Document Type

Thesis

Degree

Master of Arts

Major

Philosophy

Date of Defense

4-23-2010

Graduate Advisor

Jon McGinnis, Associate Professor

Committee

Rohloff, Waldemar

Griesedieck, David

Abstract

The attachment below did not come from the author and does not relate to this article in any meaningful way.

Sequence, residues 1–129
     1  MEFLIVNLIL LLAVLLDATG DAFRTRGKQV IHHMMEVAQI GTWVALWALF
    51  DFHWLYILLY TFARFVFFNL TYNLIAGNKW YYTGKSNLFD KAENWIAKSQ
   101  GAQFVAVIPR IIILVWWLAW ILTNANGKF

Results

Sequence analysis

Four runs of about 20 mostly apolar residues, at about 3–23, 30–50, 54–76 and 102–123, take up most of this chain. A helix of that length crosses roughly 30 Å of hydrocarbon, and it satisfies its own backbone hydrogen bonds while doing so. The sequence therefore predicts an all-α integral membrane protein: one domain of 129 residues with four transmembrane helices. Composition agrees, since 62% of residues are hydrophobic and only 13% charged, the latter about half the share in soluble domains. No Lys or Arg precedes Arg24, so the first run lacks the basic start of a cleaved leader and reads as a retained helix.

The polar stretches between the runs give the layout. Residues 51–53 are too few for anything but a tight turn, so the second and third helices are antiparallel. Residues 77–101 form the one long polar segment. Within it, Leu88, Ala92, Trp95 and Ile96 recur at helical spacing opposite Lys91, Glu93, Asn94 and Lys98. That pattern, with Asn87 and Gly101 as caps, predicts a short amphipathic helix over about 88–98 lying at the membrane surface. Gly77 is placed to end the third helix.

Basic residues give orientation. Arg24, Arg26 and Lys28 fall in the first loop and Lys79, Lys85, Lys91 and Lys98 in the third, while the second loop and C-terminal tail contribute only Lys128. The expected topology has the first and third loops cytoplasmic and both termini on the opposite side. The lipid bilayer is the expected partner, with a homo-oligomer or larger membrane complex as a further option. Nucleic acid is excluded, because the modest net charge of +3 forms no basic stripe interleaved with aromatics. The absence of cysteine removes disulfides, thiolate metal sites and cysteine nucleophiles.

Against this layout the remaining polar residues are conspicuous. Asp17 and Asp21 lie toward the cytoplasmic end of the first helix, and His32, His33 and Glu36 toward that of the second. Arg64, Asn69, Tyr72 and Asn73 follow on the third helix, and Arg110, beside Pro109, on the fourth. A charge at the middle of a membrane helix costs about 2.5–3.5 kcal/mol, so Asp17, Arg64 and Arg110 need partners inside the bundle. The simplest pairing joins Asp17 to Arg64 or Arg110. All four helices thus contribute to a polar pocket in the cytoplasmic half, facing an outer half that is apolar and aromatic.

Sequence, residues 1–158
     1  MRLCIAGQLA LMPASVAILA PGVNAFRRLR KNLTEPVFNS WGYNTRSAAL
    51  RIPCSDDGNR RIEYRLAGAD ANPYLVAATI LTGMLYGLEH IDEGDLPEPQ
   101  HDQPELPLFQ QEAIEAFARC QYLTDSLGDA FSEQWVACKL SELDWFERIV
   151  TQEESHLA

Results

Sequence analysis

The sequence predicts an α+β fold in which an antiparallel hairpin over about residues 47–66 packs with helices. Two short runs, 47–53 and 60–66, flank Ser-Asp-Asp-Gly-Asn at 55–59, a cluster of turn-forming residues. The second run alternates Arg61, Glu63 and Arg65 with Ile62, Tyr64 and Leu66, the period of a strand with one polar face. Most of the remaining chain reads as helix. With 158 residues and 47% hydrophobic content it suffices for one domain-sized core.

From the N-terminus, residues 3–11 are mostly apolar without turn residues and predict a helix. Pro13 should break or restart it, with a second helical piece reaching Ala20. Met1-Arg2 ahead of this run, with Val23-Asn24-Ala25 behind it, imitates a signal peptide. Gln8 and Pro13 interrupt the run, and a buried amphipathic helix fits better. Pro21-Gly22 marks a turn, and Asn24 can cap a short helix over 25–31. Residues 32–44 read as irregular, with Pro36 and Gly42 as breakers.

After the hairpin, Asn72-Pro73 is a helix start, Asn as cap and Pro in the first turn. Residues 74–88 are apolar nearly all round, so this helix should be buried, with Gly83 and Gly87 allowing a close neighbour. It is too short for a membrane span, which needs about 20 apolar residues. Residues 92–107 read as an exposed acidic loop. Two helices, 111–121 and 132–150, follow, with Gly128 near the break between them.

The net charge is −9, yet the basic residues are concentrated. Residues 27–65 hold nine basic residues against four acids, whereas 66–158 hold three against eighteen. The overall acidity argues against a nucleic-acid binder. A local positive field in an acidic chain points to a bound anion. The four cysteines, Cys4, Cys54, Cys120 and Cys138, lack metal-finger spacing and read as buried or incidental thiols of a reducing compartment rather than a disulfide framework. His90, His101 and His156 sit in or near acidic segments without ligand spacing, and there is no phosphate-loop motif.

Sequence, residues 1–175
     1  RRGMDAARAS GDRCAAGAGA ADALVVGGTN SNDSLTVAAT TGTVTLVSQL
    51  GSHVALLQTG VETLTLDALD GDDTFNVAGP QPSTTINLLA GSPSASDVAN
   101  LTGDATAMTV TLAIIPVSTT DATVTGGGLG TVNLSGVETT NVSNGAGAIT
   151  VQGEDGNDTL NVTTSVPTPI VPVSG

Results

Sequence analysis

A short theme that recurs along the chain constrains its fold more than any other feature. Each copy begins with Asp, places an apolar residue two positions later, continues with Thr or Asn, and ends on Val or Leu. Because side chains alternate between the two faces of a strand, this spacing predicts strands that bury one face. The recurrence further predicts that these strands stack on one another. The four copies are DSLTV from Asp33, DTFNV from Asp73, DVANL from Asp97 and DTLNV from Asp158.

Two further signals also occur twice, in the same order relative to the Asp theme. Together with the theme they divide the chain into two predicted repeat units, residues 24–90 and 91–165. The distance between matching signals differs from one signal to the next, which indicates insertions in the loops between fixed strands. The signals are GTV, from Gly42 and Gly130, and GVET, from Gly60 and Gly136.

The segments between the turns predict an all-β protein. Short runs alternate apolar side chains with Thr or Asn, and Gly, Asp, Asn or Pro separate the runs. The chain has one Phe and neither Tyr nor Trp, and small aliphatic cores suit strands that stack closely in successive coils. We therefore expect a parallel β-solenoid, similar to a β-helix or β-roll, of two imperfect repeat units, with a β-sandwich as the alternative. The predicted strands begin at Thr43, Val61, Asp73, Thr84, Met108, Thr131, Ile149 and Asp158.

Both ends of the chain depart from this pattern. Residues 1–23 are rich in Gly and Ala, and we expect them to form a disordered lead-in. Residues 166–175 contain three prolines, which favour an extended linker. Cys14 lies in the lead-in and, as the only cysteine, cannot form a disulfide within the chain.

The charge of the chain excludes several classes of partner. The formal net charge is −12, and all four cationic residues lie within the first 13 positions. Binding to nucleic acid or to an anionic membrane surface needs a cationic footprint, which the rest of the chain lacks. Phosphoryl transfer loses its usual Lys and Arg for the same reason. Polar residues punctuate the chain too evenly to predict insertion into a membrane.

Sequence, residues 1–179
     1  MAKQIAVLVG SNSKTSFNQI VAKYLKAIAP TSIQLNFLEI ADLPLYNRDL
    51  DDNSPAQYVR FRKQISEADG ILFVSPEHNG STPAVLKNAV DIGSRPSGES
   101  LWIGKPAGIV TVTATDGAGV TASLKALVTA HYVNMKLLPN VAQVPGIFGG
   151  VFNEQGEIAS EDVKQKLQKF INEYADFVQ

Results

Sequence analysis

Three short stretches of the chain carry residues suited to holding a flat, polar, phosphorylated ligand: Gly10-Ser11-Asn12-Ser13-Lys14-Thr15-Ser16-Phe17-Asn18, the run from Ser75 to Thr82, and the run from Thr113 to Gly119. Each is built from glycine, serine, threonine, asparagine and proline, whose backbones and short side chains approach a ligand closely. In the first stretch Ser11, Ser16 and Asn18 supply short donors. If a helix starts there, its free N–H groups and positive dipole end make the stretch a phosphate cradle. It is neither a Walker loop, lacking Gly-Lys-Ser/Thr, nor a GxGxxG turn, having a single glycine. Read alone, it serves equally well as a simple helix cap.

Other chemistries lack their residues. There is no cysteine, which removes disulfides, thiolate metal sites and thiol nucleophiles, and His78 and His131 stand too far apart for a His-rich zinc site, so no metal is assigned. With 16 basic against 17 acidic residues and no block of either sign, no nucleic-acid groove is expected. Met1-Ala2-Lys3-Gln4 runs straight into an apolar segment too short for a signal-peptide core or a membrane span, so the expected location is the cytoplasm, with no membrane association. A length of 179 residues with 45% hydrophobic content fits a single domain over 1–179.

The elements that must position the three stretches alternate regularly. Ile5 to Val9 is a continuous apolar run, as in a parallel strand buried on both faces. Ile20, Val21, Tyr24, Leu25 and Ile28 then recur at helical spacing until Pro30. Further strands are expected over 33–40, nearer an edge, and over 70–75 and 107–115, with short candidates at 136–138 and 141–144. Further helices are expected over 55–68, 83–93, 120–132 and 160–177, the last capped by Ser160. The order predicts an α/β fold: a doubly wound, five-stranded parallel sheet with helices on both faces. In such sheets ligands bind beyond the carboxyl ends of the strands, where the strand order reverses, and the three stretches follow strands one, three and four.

This thesis is a reflection upon and evaluation of Nietzsche’s conception of language as presented in his early and posthumously published essay On Truth and Lying in an Extra-Moral Sense. I take Nietzsche in On Truth and Lying to be launching a full scale attack on traditional accounts of language and truth. He counters such conceptions by presenting what he takes to be the “forgotten” origin of language, which he presents as consisting of a threefold process of metaphor formation. This conception of the origin of language is rather technical and, as I will try to show, is doing quite a lot of work for Nietzsche, not only in his criticisms of other philosophies of language, but also in much of his later writings. What becomes manifest throughout this analysis of Nietzsche’s writings is a form of linguistic skepticism; however, I will try to show that Nietzsche’s conception of the origin of language is not bereft of its own metaphysical assumptions. I will try to show that his conception of the origin of language is a variation upon an already prevalent philosophical conception of language, one that presupposes a certain metaphysical gap between language and reality; thus, Nietzsche’s continuous criticisms of the failure of language are due, not to surveying language at work and finding it wanting, but rather to already having something very similar to what I will call an imagistic conception of language. I will then introduce Wittgenstein (particularly his discussion of pain) to show that what manifests itself in Nietzsche’s account of language as a threefold process of metaphor formation is that Nietzsche is only thinking of our relation to reality upon what I will call a spectator-spectacle model. Only by generalizing the application of this model to characterize our dealings in and with the world does there seem to be a gap between language and reality. I will then show that Wittgenstein does a great deal to reduce the force of this model and thereby revealing Nietzsche’s pronouncements on the failure of language to capture the becoming that is life to be unfounded.

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